*MLEs

MLB    AB   BA    xBA  bb%  ct%  HctX  h%  GB/LD/FB   PX/xPX  hr/f  Spd/SBO  HR/SB
====  ===  ====  ====  ===  ===  ====  ==  ========  =======  ====  =======  =====
2016  105  .295  .272    9   76   102  37  36/25/39  129/116    6%  107/ 4%   2/1

The skills and scouting reports agree: this is a talented young player, though there are a few caveats...

  • As you might expect, his bb% and Eye have suffered a bit as he's moved up the minor league ladder, but it's encouraging that his ct% has held strong.
  • However, his contact rate did take a hit in the majors, and given that a 25% line drive rate will be tough to repeat and that his PX was slightly higher than his xPX, that .272 xBA might more accurately lie in the .260s. (LD% and PX are both part of the xBA formula.)
  • Based on his Double-A MLEs and time with the Red Sox, his power-speed combo looks legit—that may be his most likely path toward value in 2017.

Benintendi was given an 8B rating in his BaseballHQ.com scouting report, and was the #12 ranked prospect in the 2016's HQ midseason top 50; his pedigree is that of one of the most promising young hitters in baseball. But he's only 22, and progress is rarely a straight line path even for the best of prospects. Double-digit HR and SB could be on the table for 2017—just mind the possible BA regression and be prepared for the possibility of playing time setbacks.

 

Rivero's emerging skills may raise his profile... With a meager career 3.59 ERA over two seasons as a reliever in the majors, Felipe Rivero (LHP, PIT) is hardly a household name, but a closer look at his underlying skills suggests that may not be true for much longer...

Year  IP   ERA  xERA  Ctl   Dom  Cmd  GB/LD/FB  H%/S%  hr/f  FpK  SwK   Vel  BPV
====  ==  ====  ====  ===  ====  ===  ========  =====  ====  ===  ===  ====  ===
2014* 44  4.34  4.60  3.5   6.4  1.9            33/72                         54
2015  48  2.79  3.41  2.0   8.0  3.9  45/21/33  26/70    5%  63%  12%  95.4  112
2016  77  4.09  3.46  3.9  10.8  2.8  48/22/30  32/70   12%  57%  15%  95.8  115

The 25-year-old is still a work in progress, but there are some solid building blocks here:

  • His Dom growth has been dynamic, and well supported by SwK. And after a 2016 July deadline trade that sent him from the Nationals to the Pirates, he upped his Dom to 12.9 with a 16% SwK, while boosting his average velocity up to 96.7.
  • Back-to-back 100+ BPV marks say he's a bullpen asset.
  • Yes, the Ctl is a problem, especially in light of 2016's backslide in FpK. However, even with the rise in walks, his Cmd remained above average. For now, the control issues aren't keeping him from being an effective pitcher.

Rivero earned three saves during his time with the Nationals, and his Leverage Index scores from 2015 (1.10) and 2016 (1.04) hint that his employers view him as an option for late-inning work. And you can make the case that he has better skills than Tony Watson (LHP, PIT), who is currently holding down the closer role for the Pirates. That makes Rivero a speculative saves source for 2017, and one with an A grade on the LIMA Plan scale to boot.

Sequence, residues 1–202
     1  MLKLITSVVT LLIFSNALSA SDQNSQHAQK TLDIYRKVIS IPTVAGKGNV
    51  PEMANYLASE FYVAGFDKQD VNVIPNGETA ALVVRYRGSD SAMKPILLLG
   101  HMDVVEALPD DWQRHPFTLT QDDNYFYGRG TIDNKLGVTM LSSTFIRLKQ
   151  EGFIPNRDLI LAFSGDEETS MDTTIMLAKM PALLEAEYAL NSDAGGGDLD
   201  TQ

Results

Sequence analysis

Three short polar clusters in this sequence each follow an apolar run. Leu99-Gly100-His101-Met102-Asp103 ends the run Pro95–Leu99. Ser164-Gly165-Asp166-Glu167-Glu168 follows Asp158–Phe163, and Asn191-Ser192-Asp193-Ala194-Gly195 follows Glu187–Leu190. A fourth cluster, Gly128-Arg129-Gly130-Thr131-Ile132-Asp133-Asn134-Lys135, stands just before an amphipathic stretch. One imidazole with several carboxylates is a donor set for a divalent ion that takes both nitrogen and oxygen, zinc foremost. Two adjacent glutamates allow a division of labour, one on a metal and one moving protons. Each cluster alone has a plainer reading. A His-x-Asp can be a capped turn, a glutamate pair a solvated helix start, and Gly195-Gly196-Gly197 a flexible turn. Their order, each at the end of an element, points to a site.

Can Grossman repeat his career year?... To the surprise of many, after being released by CLE, Robbie Grossman (OF, MIN) was picked up by the Twins and turned in his best season as a pro, with a .280 BA, 11 HR, and an .828 OPS over four-and-a-half months of play. Do the skills offer any hope that he can do it again?

Year   AB   BA    xBA  bb%  ct%  HctX  h%  GB/LD/FB   PX/xPX  hr/f  Spd/SBO  HR/SB
====  ===  ====  ====  ===  ===  ====  ==  ========  =======  ====  =======  =====
2013  257  .268  .235    8   73    87  36  47/23/30   85/ 90    7%   94/18%   4/6
2014  360  .233  .222   13   71    63  31  41/24/35   82/ 76    7%   88/10%   6/9
2015* 396  .191  .176    9   69    47  26  55/06/39   61/ 57    8%   84/19%   1/0
2016  332  .280  .247   14   71    90  36  38/25/37  111/ 96   13%   84/ 4%  11/2
*Includes MLEs
----------------------------------------------------------------------------------
16-1H 140  .279  .261   18   73    93  34  38/23/39  134/ 88   15%   76/ 4%   6/0
16-2H 192  .281  .236   12   70    89  38  38/27/35   93/101   11%   93/ 5%   5/2

The outlook is not so good:

  • There is nothing in his skill history to back the idea that he's a .280 hitter. His career xBA is .234, and that's a near match for his xBA in the second half of 2016.
  • Speaking of that second half, it sure looks like pitchers made adjustments against him, cutting into his walk rate, contact, and power.
  • His HctX and xPX history paint him as a hitter with below average power. Even his 2016 hr/f, while a career-best, was only league average in the increased HR environment.

It's highly unlikely that Grossman will build upon or even repeat his 2016 performance. And if that proves true, his odds of crossing the 300 AB threshold again won't be great, either. It is worth noting that he hit .344 against LHP in 2016, with a 77% contact rate and 143 PX, which suggests he could have a platoon role in his future. If your league gives you the flexibility to play him against lefties, that may be the only reason to consider him roster-worthy.


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  For more information about the terms used in this article, see our Glossary Primer.